One Saturday night he made a visit to The El Rancho, a local handout, in time to see one of his starters smoking a camel. Billy Mustin hated smoking, at least by his players, and we all knew it. On Monday after the usual wind sprints, he gathered the team together and told us to take a knee. He instructed the smoker to join him, where upon Coach Mustin took a full, unopened pack of Camel cigarettes and handed it to the offender and said,

“I know you enjoy an occasional smoke, so here’s a full pack. Eat it!”

We watched as the guilty party ate the whole pack of camels—cellophane, paper and all. I thought he was lucky he didn’t smoke a filtered brand.

Coach Mustin left Cleveland shortly after that day, taking over as head coach and athletic director at Holmes Junior College, and later joined Coach John Vaught’s staff at Ole Miss. Last Monday, Coach Mustin passed away at 87 years old. He retired as Director of the Ole Miss Loyalty Foundation in 1985, and was inducted into the Mississippi Sports Hall of Fame in 1987. Seldom do I want to hear this, but in memory of Coach Mustin:

“Hotty Toddy, gosh almighty, who in the hell was he? Flim flam, bim bam—an Ole Miss Rebel by damn.”



Chasing the DDT truck sucking in the fumes. Having your feet x-rayed to buy shoes. Putting on sun tan oil to bake your body. Starting to smoke and drive before high school. Firing everything from a shot gun to an M-1 without ear protection. Swallowing gasoline from a siphoning hose. Suffering concussions from football and boxing. Wrecking your knees, ankles and hips.

Is it any wonder that we are dedicated to continuing Medicare?”



No. 4  The Shot Heard Round the World. Oct 3, 1951   In the National League pennant race of 1951, the New York Giants won 37 of their last 44 games. They tied the league leading Brooklyn Dodgers, and forced a best-of-three playoff for the title and a trip to play the Yankee’s in the World Series.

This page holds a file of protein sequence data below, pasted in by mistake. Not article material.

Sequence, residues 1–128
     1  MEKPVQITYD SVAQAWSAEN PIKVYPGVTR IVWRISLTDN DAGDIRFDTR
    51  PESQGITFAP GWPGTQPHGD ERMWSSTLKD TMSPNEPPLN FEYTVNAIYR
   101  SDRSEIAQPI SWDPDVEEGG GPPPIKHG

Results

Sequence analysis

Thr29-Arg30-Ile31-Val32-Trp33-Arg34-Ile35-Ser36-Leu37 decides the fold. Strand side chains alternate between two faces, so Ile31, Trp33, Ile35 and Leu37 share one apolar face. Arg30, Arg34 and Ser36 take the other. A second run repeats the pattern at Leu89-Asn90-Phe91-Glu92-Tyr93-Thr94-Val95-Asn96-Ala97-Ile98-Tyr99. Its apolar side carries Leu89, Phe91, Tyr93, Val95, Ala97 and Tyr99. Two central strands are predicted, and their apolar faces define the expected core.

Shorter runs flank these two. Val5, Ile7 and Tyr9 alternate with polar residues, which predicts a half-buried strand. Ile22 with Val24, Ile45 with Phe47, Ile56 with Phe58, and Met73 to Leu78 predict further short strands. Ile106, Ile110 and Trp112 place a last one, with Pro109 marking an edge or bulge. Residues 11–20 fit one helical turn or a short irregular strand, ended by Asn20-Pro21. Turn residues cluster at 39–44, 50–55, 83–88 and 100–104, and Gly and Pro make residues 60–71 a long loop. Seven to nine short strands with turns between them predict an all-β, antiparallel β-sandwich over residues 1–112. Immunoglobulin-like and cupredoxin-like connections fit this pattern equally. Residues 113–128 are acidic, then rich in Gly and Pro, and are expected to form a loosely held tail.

The Giants won the first game on a late home run by Bobby Thompson off Brooklyn ace Ralph Branca. The Dodgers took the second game to even the series, forcing a final game for all the marbles. The game was played at the Polo Grounds, and just happened to be the first nationally televised sporting event. I listened on the radio because we were yet to get a TV. The Dodger’s took a 4–1 lead into the bottom of the ninth.


Alvin Dark, the Giant’s shortstop, hit a single to lead off the inning, advancing to third on Don Mueller’s single. Whitey Lockman doubled and drove Dark in, making it 4–2. With a pinch runner in for Mueller on third, and with Lockman on second, Bobby Thompson came to the plate. Rookie, Willie Mays was on deck to follow Thompson. Ralph Branca didn’t intend to give Thompson anything to hit, but hit he did. Thompson homered, and the Giants won the National League Championship 5–4.

Categories: As I Like It!

3 replies »

    • I do, he was the only guy in Mississippi that thought I could play SEC football. I got a walk on try out then failed the physical because of a broken ankle. A case of God doing for you what you didn’t have enough sense to do for yourself. One look at Tom Goode and Walter Suggs made glad I’d broken the ankle in the first place.

  1. Thanks Tommy for remembering Billy Mustin. He was the first real football coach I had & of all the coaches I played for Coach Mustin was absolutely the most intense & passionate of them all.
    Like you I wanted to play college football, Rabbit Brown offered a “walkon” BUT suggested that I was too small. I did not want to believe him, but when I got to Miss State & saw guys like Goode & Suggs I realized he probably saved my life!